Rosenstein: Americans Not ‘Influenced By Ads Posted By Foreign Governments’

Deputy Attorney General Rod Rosenstein, testifies during a Senate Intelligence Committee hearing about the Foreign Intelligence Surveillance Act, on Capitol Hill, Wednesday, June 7, 2017, in Washington. (AP Photo/Carolyn Kaster)
Carolyn Kaster/AP
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Wading into the debate over the effect of Russian meddling on the 2016 election, on Thursday Deputy Attorney General Rosenstein played down the impact of Russian-backed ads posted on various online platforms.

“American citizens are pretty savvy, and they decide who to vote for,” he said in a podcast interview on the Target USA network. “I don’t think they’d be influenced by ads posted by foreign governments.”

No assessment of Russian interference in the election has attempted to measure whether or not that interference was effective, but all of them concurred that it happened. The extent of the Russia-backed ads, intended to sow division during the election, on major platforms like Facebook and Twitter has only become publicly known in recent weeks.

Rosenstein, in his role as acting attorney general for the Russia investigation, appointed Robert Mueller as special counsel and is overseeing Mueller’s probe. Attorney General Jeff Sessions had previously recused himself from matters relating to Russian interference.

Rosenstein hedged in his remarks, referring to Russian election tampering as “alleged” and in the hypothetical in the podcast interview published Thursday. Despite affirmative public assessments of Russian meddling by the intelligence community as far back as October, Rosenstein’s strongest assessment was that “if we have foreign countries that are seeking interference in our elections, I think we need to take appropriate action in response.”

Rosenstein referred the matter to the intelligence agencies when asked what kinds of consequences the Department of Justice could mete out to the Russian government for meddling in the 2016 election.

“Combating cyber-threats is a role the Justice Department has something to do with,” the DOJ’s second-in-command admitted, “but the primary responsibility for dealing with those threats falls on the intelligence community.”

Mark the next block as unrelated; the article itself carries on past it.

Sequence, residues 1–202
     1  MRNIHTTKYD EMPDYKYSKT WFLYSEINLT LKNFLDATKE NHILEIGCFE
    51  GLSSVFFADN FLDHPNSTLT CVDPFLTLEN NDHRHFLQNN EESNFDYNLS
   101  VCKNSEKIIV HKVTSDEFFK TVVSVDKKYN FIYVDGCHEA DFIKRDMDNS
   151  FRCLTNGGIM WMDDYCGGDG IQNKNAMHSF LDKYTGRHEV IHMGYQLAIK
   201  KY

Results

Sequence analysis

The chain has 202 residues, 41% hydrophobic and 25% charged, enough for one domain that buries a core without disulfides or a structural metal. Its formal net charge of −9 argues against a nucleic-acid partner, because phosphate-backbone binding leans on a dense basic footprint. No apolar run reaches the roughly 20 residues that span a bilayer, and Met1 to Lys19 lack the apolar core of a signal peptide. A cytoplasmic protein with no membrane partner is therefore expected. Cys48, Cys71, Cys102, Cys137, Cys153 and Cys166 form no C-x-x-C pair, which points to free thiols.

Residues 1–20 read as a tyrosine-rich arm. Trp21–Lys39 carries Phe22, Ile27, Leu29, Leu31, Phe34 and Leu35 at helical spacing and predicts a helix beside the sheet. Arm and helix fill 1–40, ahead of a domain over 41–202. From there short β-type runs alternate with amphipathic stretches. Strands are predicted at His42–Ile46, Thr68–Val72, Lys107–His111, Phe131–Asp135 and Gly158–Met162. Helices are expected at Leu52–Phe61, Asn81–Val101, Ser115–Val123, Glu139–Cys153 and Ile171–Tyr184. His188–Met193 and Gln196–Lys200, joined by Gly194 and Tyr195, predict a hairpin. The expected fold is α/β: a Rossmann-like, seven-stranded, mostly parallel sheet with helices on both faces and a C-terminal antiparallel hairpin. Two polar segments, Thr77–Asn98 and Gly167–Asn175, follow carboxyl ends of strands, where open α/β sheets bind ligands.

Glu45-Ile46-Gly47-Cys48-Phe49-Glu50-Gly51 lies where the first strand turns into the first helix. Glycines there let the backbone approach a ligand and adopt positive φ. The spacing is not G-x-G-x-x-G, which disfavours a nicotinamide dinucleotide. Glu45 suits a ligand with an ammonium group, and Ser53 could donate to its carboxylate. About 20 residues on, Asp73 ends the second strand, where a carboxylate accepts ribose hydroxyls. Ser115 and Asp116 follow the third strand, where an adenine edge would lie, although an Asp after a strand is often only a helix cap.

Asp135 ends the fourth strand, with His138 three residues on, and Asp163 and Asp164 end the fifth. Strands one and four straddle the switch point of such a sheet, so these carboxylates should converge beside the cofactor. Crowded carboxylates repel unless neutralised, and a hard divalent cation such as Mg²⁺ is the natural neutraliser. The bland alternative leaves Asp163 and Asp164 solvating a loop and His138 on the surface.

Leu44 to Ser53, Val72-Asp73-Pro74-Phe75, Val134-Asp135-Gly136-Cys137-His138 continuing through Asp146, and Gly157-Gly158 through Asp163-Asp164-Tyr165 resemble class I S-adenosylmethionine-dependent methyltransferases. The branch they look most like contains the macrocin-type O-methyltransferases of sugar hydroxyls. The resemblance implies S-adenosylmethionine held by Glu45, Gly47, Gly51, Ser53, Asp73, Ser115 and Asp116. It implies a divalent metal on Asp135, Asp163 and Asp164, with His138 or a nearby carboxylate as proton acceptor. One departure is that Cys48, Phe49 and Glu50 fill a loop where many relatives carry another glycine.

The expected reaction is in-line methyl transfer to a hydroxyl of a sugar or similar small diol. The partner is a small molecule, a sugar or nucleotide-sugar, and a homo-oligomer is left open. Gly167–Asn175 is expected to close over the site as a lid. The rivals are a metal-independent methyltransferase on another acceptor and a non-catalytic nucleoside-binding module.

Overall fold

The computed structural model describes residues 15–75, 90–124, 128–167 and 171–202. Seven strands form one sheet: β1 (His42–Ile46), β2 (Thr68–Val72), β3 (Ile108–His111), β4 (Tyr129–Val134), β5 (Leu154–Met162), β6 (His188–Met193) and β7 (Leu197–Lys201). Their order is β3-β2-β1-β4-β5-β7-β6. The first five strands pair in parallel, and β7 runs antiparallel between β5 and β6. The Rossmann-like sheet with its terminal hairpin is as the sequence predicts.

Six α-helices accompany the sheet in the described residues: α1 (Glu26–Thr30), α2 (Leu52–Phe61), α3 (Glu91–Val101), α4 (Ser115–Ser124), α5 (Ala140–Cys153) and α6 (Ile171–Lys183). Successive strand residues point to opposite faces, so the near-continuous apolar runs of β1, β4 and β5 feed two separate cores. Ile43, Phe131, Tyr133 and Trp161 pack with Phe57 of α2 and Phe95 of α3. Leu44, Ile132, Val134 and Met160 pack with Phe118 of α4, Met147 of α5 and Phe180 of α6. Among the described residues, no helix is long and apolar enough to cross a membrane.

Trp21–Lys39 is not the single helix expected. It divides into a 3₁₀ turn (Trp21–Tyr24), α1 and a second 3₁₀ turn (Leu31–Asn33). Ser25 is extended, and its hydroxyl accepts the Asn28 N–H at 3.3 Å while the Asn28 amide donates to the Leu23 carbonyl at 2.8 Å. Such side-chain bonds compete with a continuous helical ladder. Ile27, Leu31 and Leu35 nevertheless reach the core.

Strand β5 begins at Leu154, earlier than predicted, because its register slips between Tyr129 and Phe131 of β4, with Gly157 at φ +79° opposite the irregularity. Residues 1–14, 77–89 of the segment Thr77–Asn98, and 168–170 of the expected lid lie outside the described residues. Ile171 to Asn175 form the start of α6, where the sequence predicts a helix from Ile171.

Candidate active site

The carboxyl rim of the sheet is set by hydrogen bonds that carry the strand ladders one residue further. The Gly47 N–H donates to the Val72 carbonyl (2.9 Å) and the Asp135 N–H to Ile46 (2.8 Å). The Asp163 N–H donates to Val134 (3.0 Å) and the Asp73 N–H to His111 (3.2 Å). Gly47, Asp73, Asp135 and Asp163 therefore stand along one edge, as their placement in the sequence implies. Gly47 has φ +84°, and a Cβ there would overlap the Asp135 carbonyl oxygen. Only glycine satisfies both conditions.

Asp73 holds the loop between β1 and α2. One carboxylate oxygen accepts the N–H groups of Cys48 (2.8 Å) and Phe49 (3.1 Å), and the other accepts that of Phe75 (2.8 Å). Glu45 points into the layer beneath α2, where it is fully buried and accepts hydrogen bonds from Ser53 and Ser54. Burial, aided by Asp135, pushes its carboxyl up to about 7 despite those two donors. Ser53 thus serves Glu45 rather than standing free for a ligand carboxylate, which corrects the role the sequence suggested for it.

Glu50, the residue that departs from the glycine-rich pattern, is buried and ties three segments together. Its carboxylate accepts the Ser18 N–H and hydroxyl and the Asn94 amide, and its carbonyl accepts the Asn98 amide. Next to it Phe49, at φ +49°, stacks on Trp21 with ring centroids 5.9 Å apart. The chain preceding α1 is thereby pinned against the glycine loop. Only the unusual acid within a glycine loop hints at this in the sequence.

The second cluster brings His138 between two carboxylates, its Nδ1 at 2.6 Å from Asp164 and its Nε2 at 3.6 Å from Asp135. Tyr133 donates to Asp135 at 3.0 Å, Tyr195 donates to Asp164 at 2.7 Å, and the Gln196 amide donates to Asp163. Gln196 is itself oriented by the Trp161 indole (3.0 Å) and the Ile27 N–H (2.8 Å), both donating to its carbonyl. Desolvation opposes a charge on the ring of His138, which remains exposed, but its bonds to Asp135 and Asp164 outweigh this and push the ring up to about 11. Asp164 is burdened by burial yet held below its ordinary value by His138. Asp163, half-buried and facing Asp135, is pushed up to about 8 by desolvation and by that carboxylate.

Target USA’s network, PodcastOne, distributed Rosenstein’s full quote playing down Russian attempted election tampering.

“I think, what you need to recognize is that there have been a number of public reports about alleged Russian activities related to the election, including a report of the intelligence community, and what you’ve asked about public information, you have in an unclassified version of a report that reflects the assessments of our intelligence community. There have also been public reports, recently, about allegations of Russian advertisements, for example, that were posted on various networks. And so, there are a lot of public sources of information out there, and I think what people need to keep in mind is that there’s a distinction between people trying to sway American elections, and succeeding in swaying American elections. I think one of our responsibilities is to make sure that people understand, you know, what the risks are, but also that they make their own determinations. You know, American citizens are pretty savvy, and they decide who to vote for. I don’t think they’d be influenced by ads posted by foreign governments. I think people are more thoughtful about that in the way that they make their decisions. But nonetheless, you know, if we have foreign countries that are seeking interference in our elections, I think we need to take appropriate action in response.”

On a separate topic, Rosenstein was more certain about his views on the role whistleblowers: Setting aside legal considerations, “any responsible person” has “a moral obligation not to disclose things if it’s going to cause harm,” he said.

People who distribute information to the press, Rosenstein asserted, do not count as whistleblowers. “There are accepted ways in which you can raise concerns if you work for the government and you have access to information that you believe represents a violation of law or policy,” he told Green. “There are lawful ways for you to raise those issues. But leaking it publicly in a way that’s going to harm national security is not one of those authorized ways.”

ABOUT THE AUTHOR

Sam Thielman is an investigative reporter for Talking Points Memo based in Manhattan. He has worked as a reporter and critic for the Guardian, Variety, Adweek and Newsday, where he covered stories from the hacking attacks on US and international targets by Russian GRU and FSB security services to the struggle to bring broadband internet to the Navajo nation. He lives in Brooklyn with his wife and son and too many comic books.
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